Evaluating Best-Fit Project Types

With its linear model and clear specifications, it might seem that Waterfall may require less time with better control compared to Agile. This is accurate to some degree. However, with Agile and Automation Testing, products can be launched anytime, helping to accelerate time-to-market and revenue generation.

In terms of evaluating between Agile and Waterfall, neither is intrinsically superior. Depending on the scope, structure and scale of your software project, you’ll usually find one methodology more relevant and useful than the other in specific scenarios. The characteristics of a project help determine which methodology will work best.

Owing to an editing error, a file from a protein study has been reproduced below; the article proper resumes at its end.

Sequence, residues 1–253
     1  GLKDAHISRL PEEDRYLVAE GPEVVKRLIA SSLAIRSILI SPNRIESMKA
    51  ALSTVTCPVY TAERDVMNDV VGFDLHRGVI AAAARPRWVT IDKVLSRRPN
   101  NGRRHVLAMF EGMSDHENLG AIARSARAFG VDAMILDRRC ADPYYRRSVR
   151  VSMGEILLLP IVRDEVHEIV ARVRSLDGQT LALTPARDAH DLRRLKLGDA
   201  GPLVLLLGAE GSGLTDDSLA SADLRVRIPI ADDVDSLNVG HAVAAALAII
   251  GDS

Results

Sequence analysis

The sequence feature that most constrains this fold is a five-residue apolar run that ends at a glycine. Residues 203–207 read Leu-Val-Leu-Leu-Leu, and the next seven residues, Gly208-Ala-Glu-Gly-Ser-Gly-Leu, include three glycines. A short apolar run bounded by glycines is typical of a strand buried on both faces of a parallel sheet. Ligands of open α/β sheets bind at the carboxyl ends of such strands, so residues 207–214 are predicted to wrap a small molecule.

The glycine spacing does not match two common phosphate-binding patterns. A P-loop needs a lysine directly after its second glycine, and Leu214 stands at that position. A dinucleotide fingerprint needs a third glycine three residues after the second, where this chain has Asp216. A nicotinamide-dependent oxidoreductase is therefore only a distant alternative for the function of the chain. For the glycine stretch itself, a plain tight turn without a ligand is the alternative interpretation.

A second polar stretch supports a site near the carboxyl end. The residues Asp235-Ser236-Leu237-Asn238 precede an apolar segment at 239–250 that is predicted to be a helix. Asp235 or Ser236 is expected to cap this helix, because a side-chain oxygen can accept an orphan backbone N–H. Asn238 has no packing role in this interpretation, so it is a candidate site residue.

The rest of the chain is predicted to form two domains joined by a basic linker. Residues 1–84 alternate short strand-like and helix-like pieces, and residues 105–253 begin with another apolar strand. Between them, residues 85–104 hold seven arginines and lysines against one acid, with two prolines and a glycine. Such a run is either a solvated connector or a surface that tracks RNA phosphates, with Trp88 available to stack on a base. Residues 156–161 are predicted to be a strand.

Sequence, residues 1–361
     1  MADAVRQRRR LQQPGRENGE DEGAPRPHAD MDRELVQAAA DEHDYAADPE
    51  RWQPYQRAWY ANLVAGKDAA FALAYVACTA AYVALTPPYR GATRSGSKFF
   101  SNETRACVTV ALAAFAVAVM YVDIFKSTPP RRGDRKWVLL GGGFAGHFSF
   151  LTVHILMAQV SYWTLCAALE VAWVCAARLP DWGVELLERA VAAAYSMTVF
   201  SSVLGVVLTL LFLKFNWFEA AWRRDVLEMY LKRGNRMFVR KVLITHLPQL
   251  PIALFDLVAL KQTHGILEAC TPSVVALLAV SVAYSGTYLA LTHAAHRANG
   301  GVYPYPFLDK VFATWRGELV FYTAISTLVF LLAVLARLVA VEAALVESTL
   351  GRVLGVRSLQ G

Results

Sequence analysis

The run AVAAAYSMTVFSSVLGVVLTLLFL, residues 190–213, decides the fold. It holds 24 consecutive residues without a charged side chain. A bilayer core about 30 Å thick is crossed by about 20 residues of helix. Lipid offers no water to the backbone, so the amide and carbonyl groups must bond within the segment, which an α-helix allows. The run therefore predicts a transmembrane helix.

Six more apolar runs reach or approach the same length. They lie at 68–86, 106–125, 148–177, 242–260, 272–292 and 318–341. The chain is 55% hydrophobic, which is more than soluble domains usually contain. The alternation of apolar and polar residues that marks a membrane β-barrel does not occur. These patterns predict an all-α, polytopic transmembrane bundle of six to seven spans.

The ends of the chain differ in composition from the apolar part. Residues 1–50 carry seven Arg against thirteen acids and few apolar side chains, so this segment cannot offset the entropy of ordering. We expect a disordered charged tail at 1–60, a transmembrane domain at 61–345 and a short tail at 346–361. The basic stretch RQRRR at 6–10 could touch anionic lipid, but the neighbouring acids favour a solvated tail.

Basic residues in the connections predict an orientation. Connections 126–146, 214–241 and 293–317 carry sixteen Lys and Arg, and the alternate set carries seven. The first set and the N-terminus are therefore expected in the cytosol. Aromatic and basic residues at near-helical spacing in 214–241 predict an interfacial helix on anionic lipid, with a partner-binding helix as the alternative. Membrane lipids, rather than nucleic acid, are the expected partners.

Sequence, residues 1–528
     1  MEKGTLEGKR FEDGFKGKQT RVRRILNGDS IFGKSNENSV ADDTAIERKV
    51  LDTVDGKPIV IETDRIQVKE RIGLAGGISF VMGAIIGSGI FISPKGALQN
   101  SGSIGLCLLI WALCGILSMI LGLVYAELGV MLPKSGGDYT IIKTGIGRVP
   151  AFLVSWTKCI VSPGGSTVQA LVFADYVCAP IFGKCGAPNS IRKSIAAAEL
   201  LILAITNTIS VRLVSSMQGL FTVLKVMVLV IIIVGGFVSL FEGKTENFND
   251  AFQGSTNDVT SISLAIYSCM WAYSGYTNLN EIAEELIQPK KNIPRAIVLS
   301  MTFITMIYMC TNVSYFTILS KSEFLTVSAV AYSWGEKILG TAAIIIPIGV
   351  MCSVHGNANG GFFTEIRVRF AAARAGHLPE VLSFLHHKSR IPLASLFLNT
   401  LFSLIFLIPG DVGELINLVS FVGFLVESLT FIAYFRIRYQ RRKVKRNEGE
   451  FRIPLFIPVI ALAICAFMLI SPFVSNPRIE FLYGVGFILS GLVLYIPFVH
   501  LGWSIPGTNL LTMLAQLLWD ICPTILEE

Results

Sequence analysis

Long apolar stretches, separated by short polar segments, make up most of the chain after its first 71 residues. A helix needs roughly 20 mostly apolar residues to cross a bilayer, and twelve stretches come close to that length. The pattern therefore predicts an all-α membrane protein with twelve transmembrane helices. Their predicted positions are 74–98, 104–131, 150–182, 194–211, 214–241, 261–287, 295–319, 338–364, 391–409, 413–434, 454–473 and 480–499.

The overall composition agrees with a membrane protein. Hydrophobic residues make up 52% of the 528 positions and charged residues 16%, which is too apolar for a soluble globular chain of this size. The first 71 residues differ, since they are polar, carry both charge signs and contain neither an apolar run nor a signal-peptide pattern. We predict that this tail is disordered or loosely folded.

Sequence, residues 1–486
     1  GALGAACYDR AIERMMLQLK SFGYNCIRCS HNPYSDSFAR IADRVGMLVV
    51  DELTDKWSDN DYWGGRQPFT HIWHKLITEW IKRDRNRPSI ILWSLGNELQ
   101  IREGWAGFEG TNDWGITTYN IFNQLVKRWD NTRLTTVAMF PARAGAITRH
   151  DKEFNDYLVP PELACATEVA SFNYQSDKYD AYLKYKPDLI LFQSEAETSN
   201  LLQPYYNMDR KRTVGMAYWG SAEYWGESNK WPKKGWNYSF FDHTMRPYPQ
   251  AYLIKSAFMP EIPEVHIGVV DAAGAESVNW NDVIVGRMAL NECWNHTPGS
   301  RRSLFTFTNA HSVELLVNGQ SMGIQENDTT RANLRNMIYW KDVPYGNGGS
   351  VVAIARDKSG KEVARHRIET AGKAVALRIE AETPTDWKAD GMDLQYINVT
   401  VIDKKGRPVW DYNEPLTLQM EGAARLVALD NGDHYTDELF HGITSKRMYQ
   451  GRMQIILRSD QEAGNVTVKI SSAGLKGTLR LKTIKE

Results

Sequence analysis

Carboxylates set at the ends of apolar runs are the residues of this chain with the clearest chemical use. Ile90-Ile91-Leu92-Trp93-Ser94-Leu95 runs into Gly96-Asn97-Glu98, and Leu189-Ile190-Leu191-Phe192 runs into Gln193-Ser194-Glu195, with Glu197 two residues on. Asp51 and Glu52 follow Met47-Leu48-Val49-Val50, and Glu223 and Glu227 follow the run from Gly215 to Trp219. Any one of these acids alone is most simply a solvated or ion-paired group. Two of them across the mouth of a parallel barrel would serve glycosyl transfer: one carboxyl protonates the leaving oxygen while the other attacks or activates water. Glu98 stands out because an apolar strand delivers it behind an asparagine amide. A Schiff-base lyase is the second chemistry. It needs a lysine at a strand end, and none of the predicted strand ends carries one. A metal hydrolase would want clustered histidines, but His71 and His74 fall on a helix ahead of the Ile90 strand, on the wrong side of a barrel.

Choose Agile when:

  • Minimum Viable Product (MVP) is more pressing than product completeness.
  • Clients have the opportunity to revise the project scope of future deliverables based on market condition and response.
  • You have flexible and expert developers who can think independently.
  • The product is planned for a market with rapidly evolving requirements or standards.

Choose Waterfall when:

  • The end product design and features are clearly defined and determined.
  • Clients have a clear vision and are not expecting to modify the project scope drastically once it has commenced.
  • Product completeness, rather than speed to market, is vital to success.

Optimizing Your Return on Investment